Surgical resection for gastrointestinal stromal tumors (GIST): experience on 25 patients

  • Luigi Boni1Email author,

    Affiliated with

    • Angelo Benevento1,

      Affiliated with

      • Gianlorenzo Dionigi1,

        Affiliated with

        • Francesca Rovera1 and

          Affiliated with

          • Renzo Dionigi1

            Affiliated with

            World Journal of Surgical Oncology20053:78

            DOI: 10.1186/1477-7819-3-78

            Received: 27 September 2005

            Accepted: 30 December 2005

            Published: 30 December 2005



            Gastrointestinal stromal tumors (GIST) are infrequent and diagnosis and prognosis could be troublesome. We present short and long term results of surgical resection for GIST at the Department of Surgery, University of Insubria, during a period of 17 years.

            Materials and methods

            All patients' data, tumor characteristics, surgical procedure and survival data were analyzed retrospectively. Tumors were divided in risk classes using the classification proposed by Fletcher, based on tumor size and number of mitosis.


            Between 1987 and 2004, 25 patients underwent surgical resection for GIST. Stomach was the most common site of localization. Complete resection was achieved in 88% cases, while in 12% radical resection was not possible. The mean tumor size was 9.2 cm (1.2 - 30 cm): <5 cm diameter in 14/25 cases (56%), 5–10 cm in 5/25 (20%) and >10 cm in 6/25 (24%). Mitotic count was <10/50 HPF in 68% (17/25) and >10/50 in 32% (8/25). Using Fletcher's classification, tumors were divided in very low (11/25, 44%), low (4/25, 16%), intermediate (6/25, 24%) and high-risk (4/25, 16%) groups. The 5-year overall survival was 65% and 34% respectively with a statistically significant difference between tumors <5 cm and >10 cm in diameter and between complete and incomplete resection. High-risk tumors had a significantly shorter survival than low or very low risk.


            Our experience confirms that GIST's are uncommon and aggressive cancers. The prognosis is strictly related to tumor size and number of mitosis. Although significant advances on new chemotherapeutic regimes have been made, to date, only radical surgery offers the chance of long-term survival.


            Gastrointestinal stromal tumors (GIST) are extremely unusual neoplasm accounting for less than 1% of all gastrointestinal tumors, arising from the Cajal's interstitial cells located in mesodermal tissue. They are defined as primary mesenchymal tumors, typically staining positive for the expression of c-KIT protein [1]. Diagnosis is complex and always requires immunohistochemical staining, since it is based on specific ultrastructural characteristics and positivity for specific immunophenotype markers [1, 2].

            Overall survival after surgical resection and clinical behavior of GIST are depending to tumor size and mitotic count, regardless their benign or malignant microscopic features [3]. Fletcher et al [2] divided GIST in different classes of risk, based on the analysis of prognostic factors [4, 5] classifying these tumors in different "risk classes".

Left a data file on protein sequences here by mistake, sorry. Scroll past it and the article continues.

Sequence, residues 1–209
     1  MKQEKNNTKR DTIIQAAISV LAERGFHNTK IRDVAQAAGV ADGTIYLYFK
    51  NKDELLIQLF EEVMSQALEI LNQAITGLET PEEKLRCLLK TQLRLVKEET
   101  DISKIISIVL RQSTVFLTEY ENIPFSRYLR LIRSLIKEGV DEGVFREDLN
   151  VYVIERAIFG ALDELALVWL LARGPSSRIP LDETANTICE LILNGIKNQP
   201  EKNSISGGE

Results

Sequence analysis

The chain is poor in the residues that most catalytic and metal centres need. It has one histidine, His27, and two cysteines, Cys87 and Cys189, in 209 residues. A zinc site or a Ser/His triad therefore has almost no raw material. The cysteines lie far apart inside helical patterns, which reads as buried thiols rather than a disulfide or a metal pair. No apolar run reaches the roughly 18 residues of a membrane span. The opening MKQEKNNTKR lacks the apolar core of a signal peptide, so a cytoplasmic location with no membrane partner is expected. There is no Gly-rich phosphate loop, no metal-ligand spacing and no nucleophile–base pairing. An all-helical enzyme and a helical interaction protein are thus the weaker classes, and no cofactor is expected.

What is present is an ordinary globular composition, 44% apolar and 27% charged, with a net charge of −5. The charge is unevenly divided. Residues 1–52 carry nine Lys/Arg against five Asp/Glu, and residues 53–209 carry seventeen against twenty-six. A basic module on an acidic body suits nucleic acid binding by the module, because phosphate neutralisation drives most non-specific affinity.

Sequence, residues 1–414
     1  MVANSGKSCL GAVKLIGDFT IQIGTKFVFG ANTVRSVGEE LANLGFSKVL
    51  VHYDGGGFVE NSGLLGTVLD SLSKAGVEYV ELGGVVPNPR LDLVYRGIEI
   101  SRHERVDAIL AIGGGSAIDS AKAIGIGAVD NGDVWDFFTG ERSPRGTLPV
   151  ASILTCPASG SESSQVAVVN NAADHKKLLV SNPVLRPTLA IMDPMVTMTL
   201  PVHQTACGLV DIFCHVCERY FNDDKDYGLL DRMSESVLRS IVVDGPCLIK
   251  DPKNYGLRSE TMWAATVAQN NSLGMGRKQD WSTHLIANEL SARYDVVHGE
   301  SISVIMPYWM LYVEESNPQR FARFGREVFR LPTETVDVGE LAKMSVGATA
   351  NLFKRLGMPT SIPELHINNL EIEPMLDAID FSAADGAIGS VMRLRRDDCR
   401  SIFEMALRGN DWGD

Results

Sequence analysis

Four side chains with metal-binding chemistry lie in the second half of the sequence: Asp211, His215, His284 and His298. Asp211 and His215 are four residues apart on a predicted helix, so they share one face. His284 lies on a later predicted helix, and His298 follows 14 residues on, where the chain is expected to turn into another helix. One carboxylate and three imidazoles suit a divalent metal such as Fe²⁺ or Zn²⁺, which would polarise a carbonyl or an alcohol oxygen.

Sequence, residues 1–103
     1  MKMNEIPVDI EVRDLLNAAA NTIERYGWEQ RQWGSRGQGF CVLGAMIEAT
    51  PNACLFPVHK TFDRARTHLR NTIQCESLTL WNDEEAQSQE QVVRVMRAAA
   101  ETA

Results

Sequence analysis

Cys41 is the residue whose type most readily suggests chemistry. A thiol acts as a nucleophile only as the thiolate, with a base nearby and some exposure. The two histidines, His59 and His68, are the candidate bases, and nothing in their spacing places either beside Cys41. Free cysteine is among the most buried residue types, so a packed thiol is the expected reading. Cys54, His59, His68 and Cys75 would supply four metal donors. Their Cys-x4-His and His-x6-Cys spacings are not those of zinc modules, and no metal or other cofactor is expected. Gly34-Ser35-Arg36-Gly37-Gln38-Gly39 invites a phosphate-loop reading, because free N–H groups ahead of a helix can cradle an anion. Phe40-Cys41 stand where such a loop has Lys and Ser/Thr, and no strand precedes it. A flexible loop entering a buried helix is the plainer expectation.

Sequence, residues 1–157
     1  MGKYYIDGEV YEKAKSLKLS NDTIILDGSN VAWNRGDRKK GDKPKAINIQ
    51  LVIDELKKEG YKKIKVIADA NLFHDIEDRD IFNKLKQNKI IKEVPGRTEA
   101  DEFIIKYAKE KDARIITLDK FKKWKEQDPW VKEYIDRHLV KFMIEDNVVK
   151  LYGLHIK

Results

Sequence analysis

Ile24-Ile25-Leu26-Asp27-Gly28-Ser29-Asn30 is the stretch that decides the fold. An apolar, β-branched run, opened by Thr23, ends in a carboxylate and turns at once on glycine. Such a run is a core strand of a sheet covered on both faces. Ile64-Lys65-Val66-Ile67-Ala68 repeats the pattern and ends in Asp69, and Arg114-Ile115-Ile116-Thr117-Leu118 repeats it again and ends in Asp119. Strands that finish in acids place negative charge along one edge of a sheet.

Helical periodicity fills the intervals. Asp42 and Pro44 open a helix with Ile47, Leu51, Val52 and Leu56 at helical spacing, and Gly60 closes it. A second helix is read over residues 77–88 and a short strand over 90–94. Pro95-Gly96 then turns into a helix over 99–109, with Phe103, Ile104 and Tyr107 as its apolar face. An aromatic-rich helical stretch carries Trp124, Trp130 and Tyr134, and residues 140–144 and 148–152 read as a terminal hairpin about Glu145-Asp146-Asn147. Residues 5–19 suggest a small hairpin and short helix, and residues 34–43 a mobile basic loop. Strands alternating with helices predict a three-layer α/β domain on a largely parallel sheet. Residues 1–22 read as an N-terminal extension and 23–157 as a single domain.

Despite recent advances in chemotherapeutic regimens, such as introduction of targeted therapy with inhibitors of tyrosine kinase receptors [6], surgical resection is still considered the treatment of choice for GIST [7].

            We present short and long-term results of surgical resection of patients suffering from different types of GIST over a period of 17 years.

            Materials and methods

            Between 1987 and 2004, 25 patients (15 male and 10 female, mean age of 69 ± 8 years, range 34–80) underwent surgical resection for different type of GIST. The tumors were located in the stomach, small bowel, large bowel and peritoneum in 10, 10, 2 and 3 patients respectively.

            All patients' data, tumor characteristics, surgical procedure, intra and postoperative complications, as well as follow-up and survival data, was entered in a specifically designated computer data base and was analyzed retrospectively.

            Histopathological examination of surgical specimens was carried out using standard hematoxylin and eosin staining as well as specific immunohistochemical techniques allowing the identification of tumor's grade (low, moderate, and high), size, cellular pattern, stromal background, stage and number of mitosis at high-power field (HPF).

            Using the standard histological classifications [3], 9/25 (36%) tumors were considered malignant, 2/25 (8%) of uncertain behavior (border line) and 16/25 (64%) benign.

            The mean tumor size was 9.4 cm (range 1.2 - 30 cm): <5 cm diameter in 14/25 (56%) cases, 5–10 cm in 5/25 (20%) and >10 cm in the remaining 6/25 cases (24%).

            Mitotic count was low (<10/50 High-Power Field) in 68% (17/25) of the tumors and was high (>10/50 High-Power Field) in the remaining cases (32% 8/25).